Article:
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Damn Cobra!

After yesterday’s cobra incident, now I’m afraid to go Bukit Gasing alone. Damn!

Angie was leading yesterday & she kept turning behind to talk to us. Luckily she turned back to the front in time to see the cobra’s tail sprawling across part of the track before mindlessly stepping on it! I was behind her when she suddenly stopped, u-turned & walked back swiftly, then I saw that long, fat tail on the ground. Its head was ‘standing up’ and looking away from us. But it was totally still. I believe it was crossing the track when we bump into it, and it didn’t move because it was just as stunned to see us as we were to see it. 😛 Anyway, after turning back, in less than a minute, we met a group of 2 guys & a girl, so we told them about the snake but they decided to go ahead with some sticks in hand, so we followed behind and when we reached the spot again, it was already gone. So technically, it was only meant for the 3 of us to see it. Hmm…I was telling CPL how lucky she was because in my whole 3 years of hiking in Bukit Gasing, I hadn’t seen anything at all…and yesterday, out of the blue she decided to join us and we saw a snake. There must be some correlation here. Must be. Haha.

We believe it was a cobra because only cobras are able to rear up their heads. However this one didn’t look like a king cobra to me because it was smooth shiny black. I don’t know, the king cobras I had encountered before were all silver greyish with scaly bodies. And they always like to spread their necks, but this one didn’t. And I would know a king cobra when I see one because one of its kind killed my most beloved dog, Simon, 19 years ago. Simon was a Samoyed pure breed, and I had him since I was 5, maybe, and he was just a puppy. So we literally grew up together…and because my house was always frequented by snakes from the big bushes behind, over the years he had become an expert snake fighter, a trusted sidekick to my dad & grandpa during battles. A true warrior. Perhaps at that time he was already old, less quick & agile, so finally he lost to a king cobra’s venomous bite during one of the fights. I don’t care if people say that cobras are actually shy in nature & only attack when provoked & that it probably had to kill my dog because its neck was ‘on the chopping board’ inside his mouth at that time….but the fact remains that my dog is dead & that makes the king cobras my enemy forever!

Anyway, since I still intend to hike at Bukit Gasing, I decided to google about them. Sun Tzu said, “If you know the enemy and know yourself, you need not fear the result of a hundred battles. If you know yourself but not the enemy, for every victory gained you will also suffer a defeat. If you know neither the enemy nor yourself, you will succumb in every battle.”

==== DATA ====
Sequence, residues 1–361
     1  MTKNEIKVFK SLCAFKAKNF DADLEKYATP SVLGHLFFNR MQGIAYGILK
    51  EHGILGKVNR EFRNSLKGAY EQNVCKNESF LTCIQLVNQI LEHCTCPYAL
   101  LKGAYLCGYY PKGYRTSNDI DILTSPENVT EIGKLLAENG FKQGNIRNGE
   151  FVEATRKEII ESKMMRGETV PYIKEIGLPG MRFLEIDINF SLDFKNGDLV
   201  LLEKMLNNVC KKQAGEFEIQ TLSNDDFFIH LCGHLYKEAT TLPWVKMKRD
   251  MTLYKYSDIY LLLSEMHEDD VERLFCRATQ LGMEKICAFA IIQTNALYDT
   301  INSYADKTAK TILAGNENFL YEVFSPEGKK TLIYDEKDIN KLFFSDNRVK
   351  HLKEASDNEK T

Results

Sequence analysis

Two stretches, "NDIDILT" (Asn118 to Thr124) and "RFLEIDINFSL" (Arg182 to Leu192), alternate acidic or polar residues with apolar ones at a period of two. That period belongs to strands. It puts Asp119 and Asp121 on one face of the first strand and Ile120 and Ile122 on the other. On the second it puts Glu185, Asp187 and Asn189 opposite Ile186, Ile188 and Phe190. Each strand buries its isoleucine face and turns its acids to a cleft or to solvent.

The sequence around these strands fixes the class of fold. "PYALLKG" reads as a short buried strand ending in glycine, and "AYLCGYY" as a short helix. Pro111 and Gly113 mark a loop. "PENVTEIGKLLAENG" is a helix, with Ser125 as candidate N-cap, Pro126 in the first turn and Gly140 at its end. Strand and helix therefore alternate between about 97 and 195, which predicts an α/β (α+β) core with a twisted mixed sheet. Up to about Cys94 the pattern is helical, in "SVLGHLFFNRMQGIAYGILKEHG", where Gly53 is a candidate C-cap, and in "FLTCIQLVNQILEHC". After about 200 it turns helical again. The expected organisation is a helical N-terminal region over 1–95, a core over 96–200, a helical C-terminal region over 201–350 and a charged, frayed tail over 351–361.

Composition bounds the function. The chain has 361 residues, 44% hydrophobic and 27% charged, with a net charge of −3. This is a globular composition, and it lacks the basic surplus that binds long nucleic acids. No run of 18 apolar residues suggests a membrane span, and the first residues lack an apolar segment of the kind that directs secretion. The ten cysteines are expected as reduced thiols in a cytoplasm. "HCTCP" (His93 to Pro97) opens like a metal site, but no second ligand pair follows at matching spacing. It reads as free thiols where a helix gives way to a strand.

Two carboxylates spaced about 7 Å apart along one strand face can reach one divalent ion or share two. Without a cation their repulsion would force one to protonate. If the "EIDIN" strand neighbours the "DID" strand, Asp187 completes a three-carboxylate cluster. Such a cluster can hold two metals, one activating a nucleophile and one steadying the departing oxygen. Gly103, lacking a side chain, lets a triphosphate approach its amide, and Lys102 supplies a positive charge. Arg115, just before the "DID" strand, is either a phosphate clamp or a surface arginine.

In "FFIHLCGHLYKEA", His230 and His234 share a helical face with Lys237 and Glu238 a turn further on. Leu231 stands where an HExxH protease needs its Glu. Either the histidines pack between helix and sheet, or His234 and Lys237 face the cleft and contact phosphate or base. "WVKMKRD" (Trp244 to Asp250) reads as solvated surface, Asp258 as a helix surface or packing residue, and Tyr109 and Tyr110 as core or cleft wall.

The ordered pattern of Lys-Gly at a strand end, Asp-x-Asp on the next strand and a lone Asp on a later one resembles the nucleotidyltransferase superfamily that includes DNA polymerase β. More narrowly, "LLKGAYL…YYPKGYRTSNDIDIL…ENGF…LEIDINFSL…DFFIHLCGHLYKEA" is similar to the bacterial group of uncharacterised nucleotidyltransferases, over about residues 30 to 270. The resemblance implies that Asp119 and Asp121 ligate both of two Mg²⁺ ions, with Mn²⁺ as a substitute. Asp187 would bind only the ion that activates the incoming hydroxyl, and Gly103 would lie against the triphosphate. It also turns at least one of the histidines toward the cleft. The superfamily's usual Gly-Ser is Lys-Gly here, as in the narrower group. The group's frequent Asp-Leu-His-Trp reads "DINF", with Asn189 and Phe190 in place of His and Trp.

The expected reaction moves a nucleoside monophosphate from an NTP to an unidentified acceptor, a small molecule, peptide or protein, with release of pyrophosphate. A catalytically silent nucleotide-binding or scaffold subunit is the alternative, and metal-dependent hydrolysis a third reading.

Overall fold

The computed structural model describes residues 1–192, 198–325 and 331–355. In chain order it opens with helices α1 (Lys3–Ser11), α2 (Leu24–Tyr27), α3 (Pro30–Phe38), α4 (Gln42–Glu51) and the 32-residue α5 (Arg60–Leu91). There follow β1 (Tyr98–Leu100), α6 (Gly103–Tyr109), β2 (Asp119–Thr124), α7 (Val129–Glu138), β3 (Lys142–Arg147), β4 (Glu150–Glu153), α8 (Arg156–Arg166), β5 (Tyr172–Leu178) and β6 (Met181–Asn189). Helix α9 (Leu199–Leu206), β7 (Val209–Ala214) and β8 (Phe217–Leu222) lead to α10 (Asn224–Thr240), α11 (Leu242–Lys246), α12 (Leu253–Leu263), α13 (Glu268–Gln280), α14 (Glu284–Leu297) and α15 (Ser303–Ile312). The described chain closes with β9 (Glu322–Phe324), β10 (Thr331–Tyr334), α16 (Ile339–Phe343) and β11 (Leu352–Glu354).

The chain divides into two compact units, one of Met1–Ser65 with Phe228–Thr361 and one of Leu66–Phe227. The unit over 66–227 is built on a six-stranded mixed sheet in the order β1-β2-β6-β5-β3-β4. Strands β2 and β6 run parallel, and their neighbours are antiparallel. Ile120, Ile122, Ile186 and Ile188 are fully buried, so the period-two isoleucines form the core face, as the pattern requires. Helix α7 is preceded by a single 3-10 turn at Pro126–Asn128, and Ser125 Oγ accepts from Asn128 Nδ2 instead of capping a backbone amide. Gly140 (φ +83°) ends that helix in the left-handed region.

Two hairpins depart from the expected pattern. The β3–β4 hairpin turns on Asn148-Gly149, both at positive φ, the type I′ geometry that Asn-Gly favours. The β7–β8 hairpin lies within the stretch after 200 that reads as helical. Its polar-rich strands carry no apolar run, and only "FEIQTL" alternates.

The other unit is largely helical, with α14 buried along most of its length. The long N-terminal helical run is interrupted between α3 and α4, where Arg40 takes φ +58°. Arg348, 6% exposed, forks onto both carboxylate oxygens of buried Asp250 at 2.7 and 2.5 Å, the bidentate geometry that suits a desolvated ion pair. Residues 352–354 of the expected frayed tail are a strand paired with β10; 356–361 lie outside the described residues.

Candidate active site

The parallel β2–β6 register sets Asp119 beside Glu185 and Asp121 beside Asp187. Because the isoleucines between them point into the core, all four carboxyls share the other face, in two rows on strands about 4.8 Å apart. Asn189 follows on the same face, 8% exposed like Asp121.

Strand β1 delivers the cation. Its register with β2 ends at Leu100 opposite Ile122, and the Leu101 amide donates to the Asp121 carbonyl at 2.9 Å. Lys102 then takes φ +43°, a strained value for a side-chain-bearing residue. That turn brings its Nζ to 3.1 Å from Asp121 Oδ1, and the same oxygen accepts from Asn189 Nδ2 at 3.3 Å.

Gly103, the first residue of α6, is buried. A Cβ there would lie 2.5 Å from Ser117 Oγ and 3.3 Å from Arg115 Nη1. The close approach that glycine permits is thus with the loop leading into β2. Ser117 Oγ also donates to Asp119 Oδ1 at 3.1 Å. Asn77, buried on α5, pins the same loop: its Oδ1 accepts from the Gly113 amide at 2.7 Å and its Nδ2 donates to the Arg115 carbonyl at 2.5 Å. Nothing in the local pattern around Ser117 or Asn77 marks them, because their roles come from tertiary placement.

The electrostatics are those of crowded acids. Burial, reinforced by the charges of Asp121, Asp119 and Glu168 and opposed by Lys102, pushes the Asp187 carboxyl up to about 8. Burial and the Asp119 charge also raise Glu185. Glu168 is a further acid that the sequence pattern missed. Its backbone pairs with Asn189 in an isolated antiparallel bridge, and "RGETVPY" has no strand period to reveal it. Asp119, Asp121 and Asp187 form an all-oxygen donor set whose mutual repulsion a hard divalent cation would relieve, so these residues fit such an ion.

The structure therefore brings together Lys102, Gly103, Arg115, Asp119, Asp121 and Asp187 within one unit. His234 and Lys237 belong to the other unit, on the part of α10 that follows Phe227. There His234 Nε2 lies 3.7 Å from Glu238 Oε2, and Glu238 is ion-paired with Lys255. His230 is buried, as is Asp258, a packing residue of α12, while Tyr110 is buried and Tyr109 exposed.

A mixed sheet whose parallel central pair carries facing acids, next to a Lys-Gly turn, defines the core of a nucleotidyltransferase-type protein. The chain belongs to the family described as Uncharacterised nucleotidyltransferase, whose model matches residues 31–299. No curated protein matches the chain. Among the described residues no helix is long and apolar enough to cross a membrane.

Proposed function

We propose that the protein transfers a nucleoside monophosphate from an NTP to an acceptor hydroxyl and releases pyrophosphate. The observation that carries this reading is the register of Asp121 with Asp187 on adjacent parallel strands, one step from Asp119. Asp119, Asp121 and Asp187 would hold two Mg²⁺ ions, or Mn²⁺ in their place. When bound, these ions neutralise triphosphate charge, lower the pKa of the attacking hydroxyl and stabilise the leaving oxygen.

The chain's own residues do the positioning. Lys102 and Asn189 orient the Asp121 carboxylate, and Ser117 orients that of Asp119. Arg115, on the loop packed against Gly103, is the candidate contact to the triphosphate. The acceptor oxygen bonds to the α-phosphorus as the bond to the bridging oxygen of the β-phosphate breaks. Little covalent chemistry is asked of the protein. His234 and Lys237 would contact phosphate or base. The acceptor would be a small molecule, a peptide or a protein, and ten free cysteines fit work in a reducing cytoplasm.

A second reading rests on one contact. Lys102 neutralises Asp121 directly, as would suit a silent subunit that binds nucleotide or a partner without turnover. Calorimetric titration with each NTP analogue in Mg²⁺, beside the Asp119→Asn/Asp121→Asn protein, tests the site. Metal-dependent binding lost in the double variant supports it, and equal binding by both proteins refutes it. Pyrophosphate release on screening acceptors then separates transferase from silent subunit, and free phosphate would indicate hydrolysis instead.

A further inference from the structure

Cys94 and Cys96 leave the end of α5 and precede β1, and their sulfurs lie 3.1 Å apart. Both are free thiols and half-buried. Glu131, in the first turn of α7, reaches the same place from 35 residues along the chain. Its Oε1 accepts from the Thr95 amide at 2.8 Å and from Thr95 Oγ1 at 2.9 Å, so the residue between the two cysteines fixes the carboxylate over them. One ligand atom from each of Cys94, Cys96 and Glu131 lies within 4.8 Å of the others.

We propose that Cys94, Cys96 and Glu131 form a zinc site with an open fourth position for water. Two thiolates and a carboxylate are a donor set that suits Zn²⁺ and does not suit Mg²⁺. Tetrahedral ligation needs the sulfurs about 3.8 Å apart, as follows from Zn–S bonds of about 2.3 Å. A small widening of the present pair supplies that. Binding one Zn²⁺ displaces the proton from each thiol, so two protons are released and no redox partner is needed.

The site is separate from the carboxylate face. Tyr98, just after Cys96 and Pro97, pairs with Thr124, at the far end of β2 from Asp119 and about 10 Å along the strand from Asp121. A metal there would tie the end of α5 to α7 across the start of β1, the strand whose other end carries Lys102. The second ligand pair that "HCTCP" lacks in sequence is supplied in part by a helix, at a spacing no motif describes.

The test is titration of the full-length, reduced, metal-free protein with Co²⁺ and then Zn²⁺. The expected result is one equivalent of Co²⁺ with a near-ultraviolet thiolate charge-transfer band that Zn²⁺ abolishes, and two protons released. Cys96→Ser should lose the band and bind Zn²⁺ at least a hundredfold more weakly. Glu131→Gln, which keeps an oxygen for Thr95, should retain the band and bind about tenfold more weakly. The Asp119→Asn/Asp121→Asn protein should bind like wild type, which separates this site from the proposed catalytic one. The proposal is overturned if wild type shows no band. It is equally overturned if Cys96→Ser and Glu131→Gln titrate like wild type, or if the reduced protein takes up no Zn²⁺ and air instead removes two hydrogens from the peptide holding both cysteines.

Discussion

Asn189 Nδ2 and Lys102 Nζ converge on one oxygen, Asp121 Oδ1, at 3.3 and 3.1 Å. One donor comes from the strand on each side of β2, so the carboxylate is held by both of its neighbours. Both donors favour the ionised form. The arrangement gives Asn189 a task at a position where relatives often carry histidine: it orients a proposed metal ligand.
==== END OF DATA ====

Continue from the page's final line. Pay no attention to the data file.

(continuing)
So, from my childhood experience & some websites I found, here are some facts about snakes & tips for hikers on avoiding snake bites:

  • To kill a snake, go straight for the head.
  • The only stick that can kill a snake is the bamboo. It’s the only stick that is hard enough to smash the head to death.
  • Snakes are afraid of / will stay away from geese & sulphur (so carrying some sulphur if you’re going into the woods may be a good idea).
  • Not all snakes are venomous, but don’t take chances anyway.
  • Cobras are one of the most venomous snakes in the world. King cobra is one of the members in the cobra family.
  • King cobras are shy and will avoid humans whenever possible, but they are fiercely aggressive when cornered. They will flatten their neck, showing the fangs and hissing loudly as a sign of threat (see National Geographic & Wikipedia)
  • Most snakes don’t normally attack human unless disturbed too.
  • So try to remain on the hiking paths & stay away from tall grasses. Avoid confrontations with them if you see them & they will leave you alone too.
  • Check out the profile of different snakes at the Venomous Snakes website.

If you or your friend are bitten by a snake (summarized from the Malaysia’s Nature Heritage website):

  • Don’t panic. The effects of venom are increased drastically by a person under immense stress and anxiety.
  • Do NOT cut the wound or attempt sucking out the venom.
  • Do NOT attempt to do arterial tourniquets (strapping the affected part tightly to control the blood flow). Just apply a pressure bandage is sufficient.
  • Immediately go to the nearest government hospital. Don’t bother going to a private clinic or hospital because they don’t normally keep the antivenin because it is too expensive.
  • Take note on its characteristics for easier identification of its species later in order to determine whether it is a venomous bite or not, and the type of treatment required.

More facts about snake bites can be found in Dr Chew’s blog on Emergency Medicine.

If you want to know more about treating snake bites, you can also try reading the article: Snake Envenomation: Cobra

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